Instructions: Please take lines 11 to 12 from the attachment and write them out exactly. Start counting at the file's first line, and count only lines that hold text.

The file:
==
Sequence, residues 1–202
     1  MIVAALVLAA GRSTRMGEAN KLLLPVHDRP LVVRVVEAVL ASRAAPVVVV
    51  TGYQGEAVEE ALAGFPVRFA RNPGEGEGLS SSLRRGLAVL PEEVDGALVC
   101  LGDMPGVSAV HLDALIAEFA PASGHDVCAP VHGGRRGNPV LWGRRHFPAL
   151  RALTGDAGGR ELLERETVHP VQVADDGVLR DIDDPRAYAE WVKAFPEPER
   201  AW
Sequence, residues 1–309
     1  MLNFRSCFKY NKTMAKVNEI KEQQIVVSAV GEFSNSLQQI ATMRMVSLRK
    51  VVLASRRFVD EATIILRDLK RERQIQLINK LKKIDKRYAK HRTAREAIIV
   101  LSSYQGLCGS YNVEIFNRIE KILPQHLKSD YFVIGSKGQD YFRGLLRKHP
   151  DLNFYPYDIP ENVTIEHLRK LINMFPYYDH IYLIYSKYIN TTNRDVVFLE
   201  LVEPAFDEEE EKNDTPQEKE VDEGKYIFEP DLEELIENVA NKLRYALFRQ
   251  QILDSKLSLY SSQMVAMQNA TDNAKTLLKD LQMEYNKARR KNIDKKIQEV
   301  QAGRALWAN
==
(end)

   151  DLNFYPYDIP ENVTIEHLRK LINMFPYYDH IYLIYSKYIN TTNRDVVFLE
   201  LVEPAFDEEE EKNDTPQEKE VDEGKYIFEP DLEELIENVA NKLRYALFRQ